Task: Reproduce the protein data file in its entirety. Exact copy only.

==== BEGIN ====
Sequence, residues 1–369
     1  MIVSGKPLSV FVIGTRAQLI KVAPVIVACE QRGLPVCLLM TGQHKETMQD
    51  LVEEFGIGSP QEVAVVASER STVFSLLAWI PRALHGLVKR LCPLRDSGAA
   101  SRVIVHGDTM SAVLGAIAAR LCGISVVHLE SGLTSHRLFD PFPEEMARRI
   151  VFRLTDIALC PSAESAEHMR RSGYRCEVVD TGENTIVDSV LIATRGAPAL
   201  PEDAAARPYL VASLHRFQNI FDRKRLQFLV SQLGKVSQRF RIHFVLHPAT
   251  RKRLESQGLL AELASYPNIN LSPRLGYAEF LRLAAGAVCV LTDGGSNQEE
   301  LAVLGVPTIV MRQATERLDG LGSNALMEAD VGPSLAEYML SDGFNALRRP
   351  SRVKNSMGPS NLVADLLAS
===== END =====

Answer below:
Sequence, residues 1–369
     1  MIVSGKPLSV FVIGTRAQLI KVAPVIVACE QRGLPVCLLM TGQHKETMQD
    51  LVEEFGIGSP QEVAVVASER STVFSLLAWI PRALHGLVKR LCPLRDSGAA
   101  SRVIVHGDTM SAVLGAIAAR LCGISVVHLE SGLTSHRLFD PFPEEMARRI
   151  VFRLTDIALC PSAESAEHMR RSGYRCEVVD TGENTIVDSV LIATRGAPAL
   201  PEDAAARPYL VASLHRFQNI FDRKRLQFLV SQLGKVSQRF RIHFVLHPAT
   251  RKRLESQGLL AELASYPNIN LSPRLGYAEF LRLAAGAVCV LTDGGSNQEE
   301  LAVLGVPTIV MRQATERLDG LGSNALMEAD VGPSLAEYML SDGFNALRRP
   351  SRVKNSMGPS NLVADLLAS